Director: John Boorman
“Praise be to Zardoz!”
Although widely trashed upon release, John Boorman’s sci-fi extravaganza now stands as the very definition of a cult classic. Developed when the writer-director’s plans to adapt The Lord of the Rings fell through, this futuristic fantasy draws on myriad sources, including Tolkien, T.S. Eliot and L. Frank Baum, to create its own brand of intricately plotted, highfalutin hokum.
With some spooky AI resonances, the film takes place in 2293, in a world where the population is divided into ‘Eternals’ and ‘Brutals’. The latter include a band of Exterminators who kill at the orders of their god, Zardoz. When one of these Exterminators, Zed (Sean Connery), transgresses the divide, a confrontation between the groups results. Boorman’s dialogue clunks, but what counts in this trippy concoction is the visual imagination that the filmmaker and his collaborators bring to the piece – whether it’s Zardoz spewing ammunition to devoted followers or the ponytailed Connery charging around in that iconic costume. The result is a wild ride. “Stay close to me, inside my aura!” Connery’s Zed instructs. Can you resist?
Director: Alan Clarke
The rural turn of 1970s British TV and cinema reached a visionary apex in Alan Clarke’s film of David Rudkin’s script, commissioned for TV’s Play for Today strand. When compared with current television drama, Penda’s Fen seems to come not so much from another era as from another dimension. Encompassing dream and vision, with cameos for Elgar and the pagan king who gives the piece its title, Clarke’s film charts the awakening of Stephen (Spencer Banks), a Worcestershire teenager with deeply conventional views on religion, the sanctity of the family and… TV programming.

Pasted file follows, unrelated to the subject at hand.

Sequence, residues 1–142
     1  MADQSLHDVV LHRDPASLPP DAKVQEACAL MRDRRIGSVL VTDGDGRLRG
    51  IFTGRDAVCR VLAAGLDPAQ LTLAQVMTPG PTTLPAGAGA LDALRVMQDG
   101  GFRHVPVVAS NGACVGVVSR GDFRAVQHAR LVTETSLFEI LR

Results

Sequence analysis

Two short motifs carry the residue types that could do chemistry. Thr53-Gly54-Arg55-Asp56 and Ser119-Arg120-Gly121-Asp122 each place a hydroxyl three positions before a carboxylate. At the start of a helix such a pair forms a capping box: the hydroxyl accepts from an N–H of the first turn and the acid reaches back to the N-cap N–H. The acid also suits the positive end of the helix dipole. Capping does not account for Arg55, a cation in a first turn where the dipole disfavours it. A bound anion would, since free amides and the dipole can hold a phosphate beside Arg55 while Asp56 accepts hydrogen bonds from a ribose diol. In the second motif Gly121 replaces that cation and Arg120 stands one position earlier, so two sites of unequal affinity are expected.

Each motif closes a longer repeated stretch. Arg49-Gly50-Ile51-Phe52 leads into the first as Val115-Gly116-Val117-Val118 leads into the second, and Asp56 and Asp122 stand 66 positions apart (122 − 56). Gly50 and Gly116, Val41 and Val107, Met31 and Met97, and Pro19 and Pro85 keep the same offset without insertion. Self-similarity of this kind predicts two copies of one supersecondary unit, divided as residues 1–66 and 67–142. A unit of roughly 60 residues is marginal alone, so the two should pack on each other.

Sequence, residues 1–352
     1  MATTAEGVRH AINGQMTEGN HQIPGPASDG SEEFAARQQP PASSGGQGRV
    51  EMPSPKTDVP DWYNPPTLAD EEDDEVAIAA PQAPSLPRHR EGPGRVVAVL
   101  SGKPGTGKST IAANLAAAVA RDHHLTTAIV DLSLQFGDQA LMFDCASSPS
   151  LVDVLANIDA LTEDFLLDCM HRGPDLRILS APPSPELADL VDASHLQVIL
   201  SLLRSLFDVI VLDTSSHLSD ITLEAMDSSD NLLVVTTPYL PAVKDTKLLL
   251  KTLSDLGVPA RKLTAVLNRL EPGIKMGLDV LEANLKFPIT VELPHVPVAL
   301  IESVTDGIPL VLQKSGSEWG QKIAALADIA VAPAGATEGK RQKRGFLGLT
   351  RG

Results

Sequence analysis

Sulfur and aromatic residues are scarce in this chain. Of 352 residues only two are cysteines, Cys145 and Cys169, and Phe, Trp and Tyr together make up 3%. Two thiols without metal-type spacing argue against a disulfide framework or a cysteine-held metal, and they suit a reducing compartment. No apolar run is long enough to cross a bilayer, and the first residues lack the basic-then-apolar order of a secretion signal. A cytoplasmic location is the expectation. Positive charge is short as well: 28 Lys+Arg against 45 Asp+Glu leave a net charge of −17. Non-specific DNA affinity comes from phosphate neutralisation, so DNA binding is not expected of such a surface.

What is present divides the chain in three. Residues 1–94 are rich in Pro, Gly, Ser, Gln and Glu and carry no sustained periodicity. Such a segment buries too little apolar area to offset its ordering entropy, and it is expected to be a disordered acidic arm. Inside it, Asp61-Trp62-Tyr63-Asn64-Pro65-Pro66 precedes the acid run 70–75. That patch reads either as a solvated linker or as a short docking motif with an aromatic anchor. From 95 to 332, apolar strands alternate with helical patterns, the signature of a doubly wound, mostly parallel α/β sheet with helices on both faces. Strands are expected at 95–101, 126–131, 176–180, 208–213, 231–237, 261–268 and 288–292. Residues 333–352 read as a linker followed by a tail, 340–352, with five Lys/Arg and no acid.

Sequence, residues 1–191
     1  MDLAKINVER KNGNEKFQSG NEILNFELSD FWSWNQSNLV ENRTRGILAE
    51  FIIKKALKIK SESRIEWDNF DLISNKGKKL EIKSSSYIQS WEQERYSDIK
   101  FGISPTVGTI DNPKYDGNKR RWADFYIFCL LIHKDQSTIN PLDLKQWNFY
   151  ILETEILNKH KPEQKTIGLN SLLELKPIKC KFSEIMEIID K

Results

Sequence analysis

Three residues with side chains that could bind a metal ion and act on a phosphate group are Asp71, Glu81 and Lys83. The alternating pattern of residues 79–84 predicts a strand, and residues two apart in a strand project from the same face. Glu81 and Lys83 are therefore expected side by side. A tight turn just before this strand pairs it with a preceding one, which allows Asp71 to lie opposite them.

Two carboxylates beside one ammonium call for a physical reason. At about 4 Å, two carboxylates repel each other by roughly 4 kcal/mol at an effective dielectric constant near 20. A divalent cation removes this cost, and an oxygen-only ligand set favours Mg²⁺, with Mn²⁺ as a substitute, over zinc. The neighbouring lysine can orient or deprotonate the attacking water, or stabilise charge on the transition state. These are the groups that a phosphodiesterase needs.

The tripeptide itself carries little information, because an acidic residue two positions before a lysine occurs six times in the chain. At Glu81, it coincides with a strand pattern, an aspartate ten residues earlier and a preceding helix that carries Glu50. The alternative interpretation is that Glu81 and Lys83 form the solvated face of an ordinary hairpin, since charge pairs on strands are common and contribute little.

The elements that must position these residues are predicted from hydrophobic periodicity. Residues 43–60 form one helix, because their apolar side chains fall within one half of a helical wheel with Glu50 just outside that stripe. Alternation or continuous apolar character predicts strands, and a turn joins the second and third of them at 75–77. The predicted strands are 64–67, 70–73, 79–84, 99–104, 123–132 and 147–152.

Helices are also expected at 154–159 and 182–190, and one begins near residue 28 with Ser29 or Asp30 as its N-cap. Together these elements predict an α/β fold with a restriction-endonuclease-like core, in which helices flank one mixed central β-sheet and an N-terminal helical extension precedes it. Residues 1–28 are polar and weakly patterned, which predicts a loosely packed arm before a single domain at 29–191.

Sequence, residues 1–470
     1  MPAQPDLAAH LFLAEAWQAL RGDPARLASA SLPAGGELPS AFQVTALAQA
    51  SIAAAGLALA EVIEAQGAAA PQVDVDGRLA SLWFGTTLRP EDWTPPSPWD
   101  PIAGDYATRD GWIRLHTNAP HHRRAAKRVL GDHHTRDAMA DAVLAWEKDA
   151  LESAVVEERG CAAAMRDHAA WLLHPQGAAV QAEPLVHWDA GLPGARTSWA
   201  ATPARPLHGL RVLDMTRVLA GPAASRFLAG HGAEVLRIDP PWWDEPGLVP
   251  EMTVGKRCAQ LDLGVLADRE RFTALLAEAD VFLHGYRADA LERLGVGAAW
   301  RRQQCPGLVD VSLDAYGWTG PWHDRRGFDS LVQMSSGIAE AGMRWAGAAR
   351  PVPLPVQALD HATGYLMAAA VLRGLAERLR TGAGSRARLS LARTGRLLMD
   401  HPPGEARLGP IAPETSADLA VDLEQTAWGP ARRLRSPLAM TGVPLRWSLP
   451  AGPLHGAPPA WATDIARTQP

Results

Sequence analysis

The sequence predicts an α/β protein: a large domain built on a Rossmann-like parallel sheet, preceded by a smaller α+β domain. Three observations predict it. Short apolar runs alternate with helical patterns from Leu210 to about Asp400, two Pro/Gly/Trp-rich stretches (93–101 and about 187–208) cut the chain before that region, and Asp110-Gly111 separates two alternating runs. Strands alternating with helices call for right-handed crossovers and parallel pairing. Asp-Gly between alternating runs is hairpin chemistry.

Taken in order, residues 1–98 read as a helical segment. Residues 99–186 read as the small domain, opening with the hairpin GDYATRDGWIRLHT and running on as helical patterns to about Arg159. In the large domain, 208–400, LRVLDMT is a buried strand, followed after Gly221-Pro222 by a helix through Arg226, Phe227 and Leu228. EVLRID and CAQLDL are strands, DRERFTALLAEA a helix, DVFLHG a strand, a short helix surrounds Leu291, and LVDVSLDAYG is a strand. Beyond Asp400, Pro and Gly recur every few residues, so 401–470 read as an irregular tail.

As Stephen’s worldview is challenged and changed by the realisation of his queer desire and a revelation about his own history, Penda’s Fen digs deep into Britain’s past, deconstructing national and personal ideologies in a way that still feels subversive today. Clarke matches Rudkin’s florid dialogue with a supple visual style that conveys Stephen’s maturing perceptions, planting seeds for work by auteurs including Derek Jarman and Terence Davies in the process. An unforgettable – and just possibly life-changing – example of a lost radical tradition in British TV, Penda’s Fen remains a glorious liberation.
Director: Stephen Weeks